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The Wooden Sword

Zafira Demiri

“He grabbed my arm, mom! He hurt me!” Half-expecting to be swept into the corner, to

be dealt with at a later time, the young girl made a more intense effort at putting her pain on

display. She gripped her arm fiercely, digging her nails in, and perhaps hurting herself more than

her younger brother had.


“Punish him! Momma, hit him!” the little girl shrilled. Her mother’s eyes moved to her at

last, sharp and quick like a bullet into her lung, collapsing it. Now that her breath had escaped

her, the word punish resounded in her skull. The inside of her head was hollow and dark—the

more the word bounced around it the less that it held any connotation with her brother. Now, the

word was moments away from being carved into her skin with a black, leather belt. 

Like most children who speak out of turn, Maude was quickly taught what a slippery

tongue could result in: a sleek belt pulled from fraying, denim loops in her mother’s jeans. The

belt was nasty and it burned, but it stung less than the TV extension cord or the stick her mother

would send her to retrieve from the backyard. Her mother would say something like, “Go out and

find a stick with the most thorns,” and Maude would drag her small feet across the grass,

wincing as she stepped on small pieces of weather-beaten gravel and wailing an ugly cry the

whole way. Picking a stick for her punishment was an integral part of the psychological torture.

It was worse, however, when her mother would twist and turn the beating-instrument in

her hand. She would gently drag it across her palm, caressing it with her fingertips as if petting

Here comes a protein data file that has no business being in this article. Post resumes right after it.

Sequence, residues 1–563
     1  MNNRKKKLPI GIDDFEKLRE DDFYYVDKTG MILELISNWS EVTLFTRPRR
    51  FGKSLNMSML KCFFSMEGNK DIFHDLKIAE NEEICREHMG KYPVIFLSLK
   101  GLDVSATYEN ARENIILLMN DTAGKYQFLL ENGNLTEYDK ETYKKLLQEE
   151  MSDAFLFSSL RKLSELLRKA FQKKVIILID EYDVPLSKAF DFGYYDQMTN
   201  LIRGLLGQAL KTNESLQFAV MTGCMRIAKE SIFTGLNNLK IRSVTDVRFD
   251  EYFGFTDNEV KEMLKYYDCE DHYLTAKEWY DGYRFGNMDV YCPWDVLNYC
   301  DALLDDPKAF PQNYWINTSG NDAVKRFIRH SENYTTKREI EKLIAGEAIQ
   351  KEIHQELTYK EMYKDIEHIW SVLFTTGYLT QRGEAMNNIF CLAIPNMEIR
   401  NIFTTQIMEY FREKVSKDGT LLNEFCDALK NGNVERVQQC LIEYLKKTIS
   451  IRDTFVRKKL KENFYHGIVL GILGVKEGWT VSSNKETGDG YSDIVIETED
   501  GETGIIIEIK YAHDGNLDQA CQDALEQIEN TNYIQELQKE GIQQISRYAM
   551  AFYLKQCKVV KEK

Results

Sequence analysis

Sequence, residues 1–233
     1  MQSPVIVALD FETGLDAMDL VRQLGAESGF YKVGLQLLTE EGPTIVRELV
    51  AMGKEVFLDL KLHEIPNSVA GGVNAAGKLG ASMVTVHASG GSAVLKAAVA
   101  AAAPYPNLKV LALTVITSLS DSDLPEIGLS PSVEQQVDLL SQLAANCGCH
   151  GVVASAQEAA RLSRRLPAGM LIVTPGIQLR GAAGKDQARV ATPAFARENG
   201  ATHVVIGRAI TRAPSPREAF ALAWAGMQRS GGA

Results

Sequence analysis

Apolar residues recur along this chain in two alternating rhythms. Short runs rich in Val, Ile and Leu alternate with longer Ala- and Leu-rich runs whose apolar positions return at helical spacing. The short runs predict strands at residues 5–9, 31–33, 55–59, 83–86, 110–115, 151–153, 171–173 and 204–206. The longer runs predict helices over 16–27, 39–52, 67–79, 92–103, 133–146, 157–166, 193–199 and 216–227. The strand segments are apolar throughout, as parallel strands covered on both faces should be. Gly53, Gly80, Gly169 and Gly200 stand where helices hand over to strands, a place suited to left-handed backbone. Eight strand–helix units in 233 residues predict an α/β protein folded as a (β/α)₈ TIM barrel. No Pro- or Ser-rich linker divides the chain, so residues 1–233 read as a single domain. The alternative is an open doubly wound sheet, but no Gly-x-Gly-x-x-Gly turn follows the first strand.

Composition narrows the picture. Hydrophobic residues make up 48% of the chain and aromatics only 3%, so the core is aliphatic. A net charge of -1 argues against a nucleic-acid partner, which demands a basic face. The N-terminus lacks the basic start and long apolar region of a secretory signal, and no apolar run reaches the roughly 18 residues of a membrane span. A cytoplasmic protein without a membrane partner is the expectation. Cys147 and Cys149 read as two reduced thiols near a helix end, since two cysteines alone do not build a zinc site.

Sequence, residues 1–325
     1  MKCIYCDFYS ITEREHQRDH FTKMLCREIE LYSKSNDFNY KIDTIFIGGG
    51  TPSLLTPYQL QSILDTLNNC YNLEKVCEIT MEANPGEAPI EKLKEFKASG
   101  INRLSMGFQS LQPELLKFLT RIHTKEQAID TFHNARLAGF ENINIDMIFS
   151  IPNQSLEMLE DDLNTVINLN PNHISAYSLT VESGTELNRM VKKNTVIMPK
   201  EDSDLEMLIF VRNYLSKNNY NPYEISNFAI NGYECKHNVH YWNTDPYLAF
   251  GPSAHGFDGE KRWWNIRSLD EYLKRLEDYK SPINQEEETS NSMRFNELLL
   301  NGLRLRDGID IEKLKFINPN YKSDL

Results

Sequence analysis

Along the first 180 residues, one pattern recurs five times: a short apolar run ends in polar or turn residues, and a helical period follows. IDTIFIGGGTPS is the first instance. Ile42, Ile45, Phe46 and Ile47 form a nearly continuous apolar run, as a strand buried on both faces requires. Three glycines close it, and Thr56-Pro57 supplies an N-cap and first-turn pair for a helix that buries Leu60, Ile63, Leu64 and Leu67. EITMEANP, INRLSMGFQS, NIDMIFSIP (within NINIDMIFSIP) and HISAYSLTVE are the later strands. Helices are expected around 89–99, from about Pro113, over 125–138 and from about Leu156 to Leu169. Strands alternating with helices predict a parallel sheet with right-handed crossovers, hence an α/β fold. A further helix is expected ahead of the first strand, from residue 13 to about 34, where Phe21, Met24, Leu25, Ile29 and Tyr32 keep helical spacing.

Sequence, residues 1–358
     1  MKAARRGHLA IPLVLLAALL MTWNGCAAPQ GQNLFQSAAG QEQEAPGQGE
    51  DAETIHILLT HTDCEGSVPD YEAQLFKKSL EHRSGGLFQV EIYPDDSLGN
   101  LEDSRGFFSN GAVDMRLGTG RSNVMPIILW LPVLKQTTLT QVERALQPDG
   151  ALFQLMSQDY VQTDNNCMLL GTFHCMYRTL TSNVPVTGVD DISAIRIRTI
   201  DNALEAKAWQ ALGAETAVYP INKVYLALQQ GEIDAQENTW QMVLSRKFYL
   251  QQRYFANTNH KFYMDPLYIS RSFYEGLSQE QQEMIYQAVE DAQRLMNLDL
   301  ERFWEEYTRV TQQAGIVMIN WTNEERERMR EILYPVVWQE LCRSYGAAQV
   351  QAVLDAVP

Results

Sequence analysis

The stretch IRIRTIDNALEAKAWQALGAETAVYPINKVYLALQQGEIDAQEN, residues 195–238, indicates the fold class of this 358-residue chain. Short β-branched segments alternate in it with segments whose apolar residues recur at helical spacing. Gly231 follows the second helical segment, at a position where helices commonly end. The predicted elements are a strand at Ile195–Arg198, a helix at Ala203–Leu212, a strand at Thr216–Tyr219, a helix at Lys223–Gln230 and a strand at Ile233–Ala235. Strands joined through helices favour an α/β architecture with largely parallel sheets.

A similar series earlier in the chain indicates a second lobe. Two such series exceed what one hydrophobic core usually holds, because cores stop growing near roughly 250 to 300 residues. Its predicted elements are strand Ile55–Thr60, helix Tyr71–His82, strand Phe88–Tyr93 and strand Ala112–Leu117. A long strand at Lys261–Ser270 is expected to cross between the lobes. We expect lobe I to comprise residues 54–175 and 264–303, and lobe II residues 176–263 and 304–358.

the leathery beast. She would roll it up into a tight coil before releasing it so that the end would

softly thud against the linoleum of the kitchen floor.

This was never done for her brother. The parents had divided up this work of disciplining

their children, and so Maude’s father took care of the boy. Her father thought that hands were

“man’s best tools,” that’s why he almost never used a fork when eating or why he beat his child

with his palms and knuckles. Alas, her father wasn’t home right now, so Maude would be the

only one getting punished.

In preparation for her beatings, Maude would sink to her knees as if praying. She would

grab onto her mother’s chubby ankles, pleading with her for forgiveness. Forgiveness isn’t

cheap, and because Maude is a nine-year-old child with nothing to her name besides what her

mother gives her, she cannot afford forgiveness. She can only accept punishment at no cost,

except for blue blemishes on her soft, pale skin. 

So when Maude’s mother turned to her with frustration behind her eyes and heat in her

hands, Maude knew what would come next. She knew, so she did not wait for her mother to say

anything. She slowly trudged through the kitchen, out the backdoor beneath the maple tree’s

shade, avoiding the larger chunks of gravel that she had mapped out in her mind. She had walked

this path many times now, scavenging for a stick that was neither too skinny nor too thick. One

that had many thorns and branches, but that would not break within the first few whips. She even

cut through the hot, mucky air with it like a sword to hear the sharp whistle. There are no true

parameters for testing instruments to beat your children with, so Maude made them up as she

went along. She, like her mother, twisted it and dragged it along her palm.

She had found the perfect stick: thorny, thin, long, flexible, with an exceptional screech

when you beat the wind with it—this stick could bring the wind to her knees. This time, Maude

was filled with childish masochism. Her mother merely watched through the backdoor in a kind

of awe.

Zafira is an English student at Monmouth University studying literature with interests in ecocriticism, feminist theory, and Marxist theory. She is the poetry editor for her school’s magazine, The Monmouth Review, and in her free time largely writes poetry and some fiction. For her, poetry is a way to unveil her deepest thoughts through contemplation and deliberation and fiction is more of a way to address controversy.
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